Allaway: You had your own family operation back then with Luck Stone sponsorship. How large was the team that you had at the time?

Luck: We had two to three full-time people. Then, we had eight to 10 volunteers. We’d come to the shop, and we’d start working at 6 p.m. and go to midnight. Then, on the weekends, that same group of volunteers came to change tires, fill the car [with fuel] and all those things.

Frankly, we didn’t have the money to have more than three full-time people. Couldn’t afford them. But we were competitive, and I was super-proud of what we did in NASCAR for the time and experience that I had. It was a great memory.

Allaway: Your last year in Busch was an unusual year in regards to the cars. In addition to the V6 engines beginning to come in, General Motors started introducing the A-bodies like the Chevrolet Celebrity, Pontiac 6000, etc., to the series. You had an Oldsmobile Ciera. What went into that move? Was it an edict from General Motors?

Luck: That was a turning point. All the engines were V8 engines, then the whole idea of bringing in V6s was that they were more fuel efficient. That was coming out of all the big manufacturers. They wanted to see smaller engines and wanted to see them in racecars.

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They also shortened the wheelbase on the cars. All of this happened the last year that I ran in 1986. Also, this was the only year that I got to race on a road course before my comeback.

We got to race at Road Atlanta that year. We had a short wheelbase car and a V6 engine. We had Darrell Waltrip, Dale Earnhardt and a lot of the top drivers at the time [in the field]. We actually ran really well for having never been on a road course before. It actually reminded me of motocross racing since it was up and down hills and left and right-hand [turns]. I loved it.

The 1986 Food Giant 300k at Road Atlanta was not televised, but an enterprising fan showed up at the race with an old-school video camera and shot some footage that is now on YouTube.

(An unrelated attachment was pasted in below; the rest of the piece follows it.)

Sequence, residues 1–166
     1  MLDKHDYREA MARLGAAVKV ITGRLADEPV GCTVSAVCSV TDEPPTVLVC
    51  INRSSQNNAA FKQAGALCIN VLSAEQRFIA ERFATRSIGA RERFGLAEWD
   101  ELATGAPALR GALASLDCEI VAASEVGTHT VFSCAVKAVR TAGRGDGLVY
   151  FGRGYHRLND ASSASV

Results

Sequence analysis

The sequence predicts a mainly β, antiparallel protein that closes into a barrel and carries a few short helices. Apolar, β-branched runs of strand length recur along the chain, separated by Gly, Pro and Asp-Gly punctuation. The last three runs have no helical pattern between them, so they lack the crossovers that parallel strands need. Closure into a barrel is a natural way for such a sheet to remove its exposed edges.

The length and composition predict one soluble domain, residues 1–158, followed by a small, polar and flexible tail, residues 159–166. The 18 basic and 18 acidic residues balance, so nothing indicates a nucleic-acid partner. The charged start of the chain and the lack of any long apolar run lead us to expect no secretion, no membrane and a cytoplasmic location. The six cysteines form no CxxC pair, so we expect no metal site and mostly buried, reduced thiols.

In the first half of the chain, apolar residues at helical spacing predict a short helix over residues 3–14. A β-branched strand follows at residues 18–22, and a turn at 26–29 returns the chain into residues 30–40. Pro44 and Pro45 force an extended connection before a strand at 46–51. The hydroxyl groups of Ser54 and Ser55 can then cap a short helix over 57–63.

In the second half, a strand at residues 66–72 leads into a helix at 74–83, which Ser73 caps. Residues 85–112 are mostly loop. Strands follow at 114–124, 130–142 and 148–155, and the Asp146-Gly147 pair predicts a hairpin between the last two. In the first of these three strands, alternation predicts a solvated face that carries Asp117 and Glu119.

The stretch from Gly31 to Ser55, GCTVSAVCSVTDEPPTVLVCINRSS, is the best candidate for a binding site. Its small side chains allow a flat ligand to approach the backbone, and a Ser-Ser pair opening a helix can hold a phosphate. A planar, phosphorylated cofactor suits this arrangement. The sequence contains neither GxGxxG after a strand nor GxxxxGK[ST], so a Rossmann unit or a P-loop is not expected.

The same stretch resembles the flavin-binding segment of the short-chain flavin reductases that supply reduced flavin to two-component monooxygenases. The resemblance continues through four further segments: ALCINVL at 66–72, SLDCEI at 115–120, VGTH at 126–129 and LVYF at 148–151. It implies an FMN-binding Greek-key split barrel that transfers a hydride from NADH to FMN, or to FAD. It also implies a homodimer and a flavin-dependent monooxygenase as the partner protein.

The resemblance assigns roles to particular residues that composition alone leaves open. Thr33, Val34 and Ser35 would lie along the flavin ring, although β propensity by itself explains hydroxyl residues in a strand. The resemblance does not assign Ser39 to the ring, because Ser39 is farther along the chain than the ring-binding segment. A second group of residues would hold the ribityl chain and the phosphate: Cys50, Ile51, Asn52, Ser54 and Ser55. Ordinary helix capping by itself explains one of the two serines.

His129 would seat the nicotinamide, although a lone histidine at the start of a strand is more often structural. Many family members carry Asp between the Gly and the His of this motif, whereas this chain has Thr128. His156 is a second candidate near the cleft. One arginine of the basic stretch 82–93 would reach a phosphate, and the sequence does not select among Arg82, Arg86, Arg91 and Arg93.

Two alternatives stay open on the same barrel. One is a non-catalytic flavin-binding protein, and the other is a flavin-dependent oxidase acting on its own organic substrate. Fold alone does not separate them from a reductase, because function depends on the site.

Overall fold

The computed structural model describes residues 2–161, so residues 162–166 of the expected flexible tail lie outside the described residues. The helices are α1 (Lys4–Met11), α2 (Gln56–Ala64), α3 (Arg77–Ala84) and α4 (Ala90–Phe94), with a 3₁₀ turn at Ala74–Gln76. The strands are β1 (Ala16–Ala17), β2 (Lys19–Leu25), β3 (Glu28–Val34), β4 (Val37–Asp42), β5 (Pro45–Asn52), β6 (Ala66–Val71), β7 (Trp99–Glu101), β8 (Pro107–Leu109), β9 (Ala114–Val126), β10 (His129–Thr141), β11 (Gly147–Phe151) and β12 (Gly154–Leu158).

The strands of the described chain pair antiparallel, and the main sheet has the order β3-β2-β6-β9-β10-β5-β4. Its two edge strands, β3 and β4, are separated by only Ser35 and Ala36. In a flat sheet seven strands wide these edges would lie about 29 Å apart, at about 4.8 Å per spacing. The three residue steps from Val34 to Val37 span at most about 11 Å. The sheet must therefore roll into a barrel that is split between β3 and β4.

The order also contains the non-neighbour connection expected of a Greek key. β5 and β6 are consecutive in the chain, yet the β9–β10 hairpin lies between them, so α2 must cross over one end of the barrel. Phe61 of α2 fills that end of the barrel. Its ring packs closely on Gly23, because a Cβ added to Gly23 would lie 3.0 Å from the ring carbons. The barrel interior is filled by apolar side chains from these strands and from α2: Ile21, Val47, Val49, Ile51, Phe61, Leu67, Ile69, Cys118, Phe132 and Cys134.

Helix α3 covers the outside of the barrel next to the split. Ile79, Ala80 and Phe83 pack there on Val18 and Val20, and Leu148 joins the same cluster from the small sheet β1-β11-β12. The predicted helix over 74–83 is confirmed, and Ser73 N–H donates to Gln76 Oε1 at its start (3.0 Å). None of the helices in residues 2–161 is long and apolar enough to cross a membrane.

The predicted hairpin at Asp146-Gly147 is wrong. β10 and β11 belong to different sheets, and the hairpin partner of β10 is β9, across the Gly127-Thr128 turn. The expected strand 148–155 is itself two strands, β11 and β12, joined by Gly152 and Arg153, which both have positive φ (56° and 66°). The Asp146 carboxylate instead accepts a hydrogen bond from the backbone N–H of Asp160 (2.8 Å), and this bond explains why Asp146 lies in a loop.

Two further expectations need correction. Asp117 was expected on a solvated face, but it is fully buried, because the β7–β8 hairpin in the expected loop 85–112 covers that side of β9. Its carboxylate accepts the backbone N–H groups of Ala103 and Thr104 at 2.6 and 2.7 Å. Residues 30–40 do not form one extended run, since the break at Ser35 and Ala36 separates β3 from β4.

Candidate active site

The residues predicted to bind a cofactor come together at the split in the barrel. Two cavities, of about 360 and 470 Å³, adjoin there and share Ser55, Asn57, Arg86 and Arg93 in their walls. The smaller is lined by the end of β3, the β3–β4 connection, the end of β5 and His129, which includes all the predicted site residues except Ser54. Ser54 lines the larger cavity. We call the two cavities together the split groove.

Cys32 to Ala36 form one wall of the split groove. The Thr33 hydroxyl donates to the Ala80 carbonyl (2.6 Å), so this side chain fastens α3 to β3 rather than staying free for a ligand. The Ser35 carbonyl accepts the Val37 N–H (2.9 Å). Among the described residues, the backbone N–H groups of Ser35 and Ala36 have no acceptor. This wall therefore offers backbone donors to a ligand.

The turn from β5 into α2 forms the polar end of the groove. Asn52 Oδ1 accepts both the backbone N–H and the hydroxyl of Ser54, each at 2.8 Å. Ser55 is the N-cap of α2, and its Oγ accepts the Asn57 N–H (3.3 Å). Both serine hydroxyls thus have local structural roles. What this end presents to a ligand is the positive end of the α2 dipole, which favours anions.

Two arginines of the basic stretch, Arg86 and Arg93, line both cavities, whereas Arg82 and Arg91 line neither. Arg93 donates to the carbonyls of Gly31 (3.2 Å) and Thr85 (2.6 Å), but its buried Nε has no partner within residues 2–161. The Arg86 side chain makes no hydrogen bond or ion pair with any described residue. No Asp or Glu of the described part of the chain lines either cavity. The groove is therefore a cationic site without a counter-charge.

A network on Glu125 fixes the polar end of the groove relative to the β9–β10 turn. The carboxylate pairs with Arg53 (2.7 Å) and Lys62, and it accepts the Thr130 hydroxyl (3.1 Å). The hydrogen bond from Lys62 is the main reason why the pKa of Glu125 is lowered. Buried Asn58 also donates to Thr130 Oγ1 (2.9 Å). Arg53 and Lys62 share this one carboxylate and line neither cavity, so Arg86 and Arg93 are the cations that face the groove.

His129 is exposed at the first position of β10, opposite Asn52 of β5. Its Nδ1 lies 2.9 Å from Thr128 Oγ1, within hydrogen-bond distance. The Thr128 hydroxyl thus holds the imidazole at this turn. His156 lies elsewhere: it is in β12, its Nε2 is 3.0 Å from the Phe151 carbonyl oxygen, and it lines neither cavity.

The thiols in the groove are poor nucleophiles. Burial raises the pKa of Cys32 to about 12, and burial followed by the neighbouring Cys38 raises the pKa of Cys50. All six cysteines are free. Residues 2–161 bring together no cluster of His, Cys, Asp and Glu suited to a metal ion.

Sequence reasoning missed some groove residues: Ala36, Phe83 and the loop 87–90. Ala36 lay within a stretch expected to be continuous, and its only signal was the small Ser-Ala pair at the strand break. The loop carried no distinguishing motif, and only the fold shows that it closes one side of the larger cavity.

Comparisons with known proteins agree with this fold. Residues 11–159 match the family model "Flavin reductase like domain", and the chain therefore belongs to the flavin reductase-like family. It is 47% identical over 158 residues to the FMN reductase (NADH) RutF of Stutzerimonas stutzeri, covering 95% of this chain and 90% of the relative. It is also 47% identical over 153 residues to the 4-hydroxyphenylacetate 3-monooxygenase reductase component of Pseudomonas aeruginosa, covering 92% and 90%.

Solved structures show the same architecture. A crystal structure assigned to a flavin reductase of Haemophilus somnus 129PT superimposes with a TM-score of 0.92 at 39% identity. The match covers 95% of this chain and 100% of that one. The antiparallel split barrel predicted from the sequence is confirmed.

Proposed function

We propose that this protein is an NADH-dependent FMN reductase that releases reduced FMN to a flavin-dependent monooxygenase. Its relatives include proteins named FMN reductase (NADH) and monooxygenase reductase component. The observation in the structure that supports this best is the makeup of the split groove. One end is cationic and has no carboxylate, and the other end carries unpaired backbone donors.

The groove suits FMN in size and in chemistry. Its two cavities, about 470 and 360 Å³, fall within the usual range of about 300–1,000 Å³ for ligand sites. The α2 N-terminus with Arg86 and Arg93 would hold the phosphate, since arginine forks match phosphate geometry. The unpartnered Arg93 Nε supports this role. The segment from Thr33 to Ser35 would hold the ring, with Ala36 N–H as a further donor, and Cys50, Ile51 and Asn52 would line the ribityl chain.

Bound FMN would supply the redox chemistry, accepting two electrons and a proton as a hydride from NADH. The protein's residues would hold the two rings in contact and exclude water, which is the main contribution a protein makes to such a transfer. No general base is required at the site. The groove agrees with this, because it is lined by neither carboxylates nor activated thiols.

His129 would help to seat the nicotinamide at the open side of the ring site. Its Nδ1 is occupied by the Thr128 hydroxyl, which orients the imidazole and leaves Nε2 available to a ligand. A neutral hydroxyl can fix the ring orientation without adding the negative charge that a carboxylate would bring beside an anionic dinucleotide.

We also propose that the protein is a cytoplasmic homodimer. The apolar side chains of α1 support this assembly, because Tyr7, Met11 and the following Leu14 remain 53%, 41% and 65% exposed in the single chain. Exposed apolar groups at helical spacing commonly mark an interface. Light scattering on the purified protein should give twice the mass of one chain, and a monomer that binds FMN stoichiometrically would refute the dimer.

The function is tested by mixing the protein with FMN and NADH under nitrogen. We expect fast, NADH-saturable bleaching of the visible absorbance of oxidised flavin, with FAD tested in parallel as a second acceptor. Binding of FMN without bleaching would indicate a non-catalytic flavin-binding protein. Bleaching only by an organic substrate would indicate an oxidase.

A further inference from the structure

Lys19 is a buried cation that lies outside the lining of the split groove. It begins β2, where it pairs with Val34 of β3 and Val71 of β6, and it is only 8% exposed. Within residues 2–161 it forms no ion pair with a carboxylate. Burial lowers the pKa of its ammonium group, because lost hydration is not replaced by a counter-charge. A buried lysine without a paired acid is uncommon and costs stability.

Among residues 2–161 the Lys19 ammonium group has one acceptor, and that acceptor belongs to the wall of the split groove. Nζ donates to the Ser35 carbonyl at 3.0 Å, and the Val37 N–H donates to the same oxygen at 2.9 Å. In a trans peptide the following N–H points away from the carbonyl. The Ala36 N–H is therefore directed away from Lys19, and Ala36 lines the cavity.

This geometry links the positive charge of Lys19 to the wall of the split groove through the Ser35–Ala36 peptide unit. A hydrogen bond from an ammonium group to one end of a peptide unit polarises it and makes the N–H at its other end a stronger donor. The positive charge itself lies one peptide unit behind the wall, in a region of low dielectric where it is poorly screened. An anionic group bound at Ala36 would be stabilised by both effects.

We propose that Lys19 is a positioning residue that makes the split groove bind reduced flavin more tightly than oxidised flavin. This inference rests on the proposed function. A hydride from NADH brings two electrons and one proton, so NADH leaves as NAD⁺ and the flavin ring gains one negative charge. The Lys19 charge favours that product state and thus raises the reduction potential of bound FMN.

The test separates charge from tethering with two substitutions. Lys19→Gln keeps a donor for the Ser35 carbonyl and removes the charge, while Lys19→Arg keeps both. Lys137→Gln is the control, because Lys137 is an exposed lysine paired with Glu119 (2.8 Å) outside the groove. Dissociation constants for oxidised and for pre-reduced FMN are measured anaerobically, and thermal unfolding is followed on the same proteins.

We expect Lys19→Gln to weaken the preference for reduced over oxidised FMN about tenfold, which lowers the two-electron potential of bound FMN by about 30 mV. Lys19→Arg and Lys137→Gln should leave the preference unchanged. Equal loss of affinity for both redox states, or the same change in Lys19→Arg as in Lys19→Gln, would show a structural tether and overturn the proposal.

If the audio is accurate, it does not appear that Luck had a V6 in his Ciera that day. However, he was quite competitive, leading three laps at one point and finishing ninth. In the video above, he can be seen battling with Dale Jarrett. Waltrip ultimately won by 9.5 seconds over Terry Labonte, followed by Earnhardt in third and Haskell Willingham in the best of the downsized cars in fourth. L.D. Ottinger was fifth. Luck’s Ciera was the second highest finishing A-body that day.

Allaway: After 1986, you were done in NASCAR. Was that a situation where you had to focus on the business, money issues due to the various changes going on or a personal choice?

Luck: At that point in my life, I looked at the future at the NASCAR [Busch] Grand National or Winston Cup level. I knew that at 26 years old, I would need to be active in that level of racing for five to 10 years.

When I thought about our family business, I did not want to return to the family business and not be skilled and competent at it. Had I stayed in NASCAR, I thought that I would have been [that way] had I returned to the business in my mid-30s.

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That was one of the drivers. Another was the fact that those guys were gone 250 days a year. I grew up with a really close family. Lisa [Luck’s wife] and I wanted to build a close family ourselves, have children and do things with them. I knew that wouldn’t be possible if I were a professional racecar driver.

Allaway: Was The Luck Companies a lot smaller back in the mid-1980s as compared to today?

Luck: Yes. We are probably three or four times the size today that we were then. I went through a training program. Then in 1995, I was promoted to president, and my dad became the chairman.

We’ve done a lot of cool things with our values-based leadership culture and we’ve grown. At that time, we were in one state (Virginia). Today, we’re in Virginia, North Carolina, South Carolina and Georgia. It’s been an incredibly rewarding experience.

Allaway: Even with your racing, you still have your substantial roles with The Luck Companies. How are you able to balance the two?

Luck: I’m president and CEO of the company now and have been during this racing window. What we’re talking about here is seven weekends of racing, then we test and do a lot of training on the weekends and early in the mornings. It amounts to about a 20-hour a week job for me, not counting the business side. That has to happen either early or late in the evening for me. The support that I have at [The Luck Companies] in regards to scheduling and logistics is second to none and that’s been a major [factor] of me being able to do this.

Allaway: In recent years, NASCAR has added a lot more road races to their schedules. If the opportunity ever arose to compete in a Xfinity Series road race, would you take that opportunity?